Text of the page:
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Topic: Project 3 Love-o-meter: TMP doesn't seem to work (Read 25250 times) previous topic - next topic


So I am having a problem in this project with the TMP temperature input that is used.  Every time I open the serial monitor, the first value for temperature I get is very low and random. Each value after that is always -50.0, and the sensor value (out of 1023) is 0.  And when I tried to put my finger around the sensor, the readings did not change. Is my TMP not working, or is there another issue I am overlooking?

I believe that the program I wrote is the same as the one written in the kit's book, but I'm not sure, so I will post it below.

const int sensorPin = A0;
const float baselineTemp = 20.0;

void setup(){
  for(int pinNum = 2; pinNum < 5; pinNum++){
    pinMode(pinNum, OUTPUT);
    digitalWrite(pinNum, LOW);

void loop(){
  int sensorVal = analogRead(sensorPin);
  Serial.print("Sensor Value: ");
  float voltage = (sensorVal/1024.0) * 5.0;
  Serial.print(", Volts: ");
  float temp = (voltage - .5)*100;
  Serial.print(", degrees C: ");
  if(temp < baselineTemp){
  }else if (temp >= baselineTemp+2 && temp < baselineTemp+4){
  }else if(temp >= baselineTemp+4 && temp < baselineTemp+6){


I would suspect a wiring error.  Nothing obvious jumps out about your code.

If you replace the temperature sensor with a potentiometer, can you see the readings change?


Hey did you ever get this working? because I am having the exact same problems as you are. If you did please tell me what you did.


Jul 23, 2014, 12:06 pm Last Edit: Jul 23, 2014, 12:08 pm by Fabio881 Reason: 1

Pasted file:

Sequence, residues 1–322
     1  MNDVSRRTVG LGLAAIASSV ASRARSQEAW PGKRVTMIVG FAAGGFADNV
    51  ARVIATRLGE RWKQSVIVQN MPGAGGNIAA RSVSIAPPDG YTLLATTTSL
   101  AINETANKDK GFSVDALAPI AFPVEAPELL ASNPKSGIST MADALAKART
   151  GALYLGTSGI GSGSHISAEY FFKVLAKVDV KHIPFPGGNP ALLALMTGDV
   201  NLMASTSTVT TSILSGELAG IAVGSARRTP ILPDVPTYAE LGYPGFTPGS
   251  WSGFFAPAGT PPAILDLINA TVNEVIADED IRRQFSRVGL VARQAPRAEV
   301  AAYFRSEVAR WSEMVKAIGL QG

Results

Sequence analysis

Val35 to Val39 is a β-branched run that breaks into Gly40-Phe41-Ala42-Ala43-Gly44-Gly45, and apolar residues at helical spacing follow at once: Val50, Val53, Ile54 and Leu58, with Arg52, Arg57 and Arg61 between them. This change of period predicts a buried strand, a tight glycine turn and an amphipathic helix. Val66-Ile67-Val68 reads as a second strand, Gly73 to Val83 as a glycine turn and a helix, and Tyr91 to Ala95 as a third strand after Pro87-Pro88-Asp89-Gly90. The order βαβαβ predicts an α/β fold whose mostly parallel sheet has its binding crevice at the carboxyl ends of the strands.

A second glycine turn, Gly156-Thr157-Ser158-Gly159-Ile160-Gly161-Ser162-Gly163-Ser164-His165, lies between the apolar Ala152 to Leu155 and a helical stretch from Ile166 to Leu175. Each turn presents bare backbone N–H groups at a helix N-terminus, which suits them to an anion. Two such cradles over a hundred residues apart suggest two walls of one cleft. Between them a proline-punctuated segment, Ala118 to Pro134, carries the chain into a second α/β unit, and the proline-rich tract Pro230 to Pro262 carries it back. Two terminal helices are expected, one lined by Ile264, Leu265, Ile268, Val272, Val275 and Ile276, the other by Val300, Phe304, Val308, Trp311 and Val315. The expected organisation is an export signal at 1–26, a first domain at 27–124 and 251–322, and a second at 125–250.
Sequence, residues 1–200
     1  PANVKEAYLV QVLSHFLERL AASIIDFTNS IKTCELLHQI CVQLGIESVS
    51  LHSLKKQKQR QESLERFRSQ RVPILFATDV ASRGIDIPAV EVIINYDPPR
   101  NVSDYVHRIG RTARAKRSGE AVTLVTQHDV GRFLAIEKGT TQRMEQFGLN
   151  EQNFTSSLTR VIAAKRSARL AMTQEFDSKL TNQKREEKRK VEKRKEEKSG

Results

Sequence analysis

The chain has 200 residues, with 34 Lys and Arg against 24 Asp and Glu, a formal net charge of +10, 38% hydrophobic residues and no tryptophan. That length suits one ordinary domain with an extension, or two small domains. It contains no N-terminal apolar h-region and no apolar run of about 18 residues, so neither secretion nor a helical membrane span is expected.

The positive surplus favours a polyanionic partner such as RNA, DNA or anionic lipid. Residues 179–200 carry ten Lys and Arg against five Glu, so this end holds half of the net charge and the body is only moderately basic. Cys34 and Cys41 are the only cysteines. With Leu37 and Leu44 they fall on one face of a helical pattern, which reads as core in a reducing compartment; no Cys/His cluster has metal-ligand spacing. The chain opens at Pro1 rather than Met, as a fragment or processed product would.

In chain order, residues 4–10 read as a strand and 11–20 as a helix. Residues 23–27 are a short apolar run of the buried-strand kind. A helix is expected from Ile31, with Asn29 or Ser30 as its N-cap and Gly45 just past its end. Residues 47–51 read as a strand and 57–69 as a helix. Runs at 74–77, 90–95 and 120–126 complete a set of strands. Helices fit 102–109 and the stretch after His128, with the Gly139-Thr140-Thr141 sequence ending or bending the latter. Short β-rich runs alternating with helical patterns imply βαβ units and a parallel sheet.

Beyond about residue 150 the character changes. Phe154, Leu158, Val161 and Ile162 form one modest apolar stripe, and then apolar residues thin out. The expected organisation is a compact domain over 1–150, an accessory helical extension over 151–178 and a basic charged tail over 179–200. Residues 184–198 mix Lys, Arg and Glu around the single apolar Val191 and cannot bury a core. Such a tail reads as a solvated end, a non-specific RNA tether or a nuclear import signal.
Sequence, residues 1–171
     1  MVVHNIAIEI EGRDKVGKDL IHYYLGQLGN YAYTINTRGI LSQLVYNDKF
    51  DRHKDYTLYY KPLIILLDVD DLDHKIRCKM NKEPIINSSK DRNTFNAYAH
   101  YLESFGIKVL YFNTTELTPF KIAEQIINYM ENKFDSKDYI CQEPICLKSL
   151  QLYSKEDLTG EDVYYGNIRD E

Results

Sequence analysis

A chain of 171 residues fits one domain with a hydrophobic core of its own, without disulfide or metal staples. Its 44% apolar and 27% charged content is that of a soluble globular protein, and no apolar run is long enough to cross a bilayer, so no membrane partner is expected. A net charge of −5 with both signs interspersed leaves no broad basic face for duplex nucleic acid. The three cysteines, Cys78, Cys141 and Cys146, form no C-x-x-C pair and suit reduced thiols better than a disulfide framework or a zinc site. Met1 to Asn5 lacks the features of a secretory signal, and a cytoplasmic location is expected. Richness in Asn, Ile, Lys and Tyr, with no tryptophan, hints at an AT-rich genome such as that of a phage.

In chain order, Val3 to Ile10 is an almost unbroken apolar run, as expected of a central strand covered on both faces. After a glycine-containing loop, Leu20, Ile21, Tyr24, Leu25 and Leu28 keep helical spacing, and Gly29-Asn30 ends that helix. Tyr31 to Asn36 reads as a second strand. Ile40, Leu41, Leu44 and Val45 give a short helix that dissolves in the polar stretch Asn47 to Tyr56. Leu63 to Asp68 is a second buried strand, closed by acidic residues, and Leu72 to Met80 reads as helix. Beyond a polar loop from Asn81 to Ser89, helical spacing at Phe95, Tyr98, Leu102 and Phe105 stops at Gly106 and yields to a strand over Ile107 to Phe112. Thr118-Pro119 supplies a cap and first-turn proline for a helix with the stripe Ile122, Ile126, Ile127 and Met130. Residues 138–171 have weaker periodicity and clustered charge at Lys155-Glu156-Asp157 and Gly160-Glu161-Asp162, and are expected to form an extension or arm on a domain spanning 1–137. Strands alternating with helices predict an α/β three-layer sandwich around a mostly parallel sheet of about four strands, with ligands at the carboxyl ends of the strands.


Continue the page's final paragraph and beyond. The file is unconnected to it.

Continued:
Hi guys!

If you are both (still) experiencing the same problem, I would also start checking for basic wiring issues: the code itself is quite simple, and very similar to what I also used (and which worked).
In particular, the fact that the problem already appears here:

Code: [Select]
int sensorVal = analogRead(sensorPin);

tells you already where to start looking at.
Is the TMP sensor really connected to pin A0 on the Arduino, as declared in the code? Are the connections done properly? (check the datasheet - be aware that the schematic view is from the bottom).
To prove that the component itself has problem, a nice way is to substitute it with a potentiometer, as suggested by the user here above.

Hope it helps a bit


I had similar issues as you. I didn't see anything wrong with the code. What I did is put the baselineTemp to whatever temperature it was in the room. For example:

Code: [Select]
const float baselineTemp 24.8889

Also, I found out that the original delay (delay(1) is too quick and gives an inaccurate reading, so I gave it a delay(1000).
#include <signature.h>


Just make sure you are using a TMP sensor and not a BC547 Transistor. They look very similar and both come with the starter kit ;-)


WOW i can't believe it i thought this BC547 that's a TMP, thanks alot Autmaton, i found the correct sensor in the box. I can't believe that TMP  look's the same like BC547 Transistor. :)


WOW i can't believe it i thought this BC547 that's a TMP, thanks alot Autmaton, i found the correct sensor in the box. I can't believe that TMP  look's the same like BC547 Transistor. :)
And it's true still a year later.

The one TMP36 included in the starter kit looks almost identical to one of the five BC547 transistors that are also included in the kit.  The key bit of knowledge is knowing that there is only ONE loose TMP36 and there are FIVE BC547's on a piece of tape included in the starter kit. Even with reading glasses, a magnifying glass and bright lights, the name of the component is still difficult to read. But it is readable.

That incorrect component had me scratching my head for over an hour until I got to Automaton's post.  Then I REALLY looked and saw my mistake.  And I'm sure a lot of people make the same mistake year after year, month after month, day after day.

-  bob3d

PS  Even with the circuit working correctly, the temperature is still inaccurate by several degrees and it's inconsistent from scan to scan varying in hundredths of a volt which translates to several degrees variability.  Even moving the wiring or components slightly by hand affects the calculated values.  I' was also unsure how accurate that 5.00 volt reference really was. After reading it with a precise voltmeter, it was a rock steady 5.02VDC.

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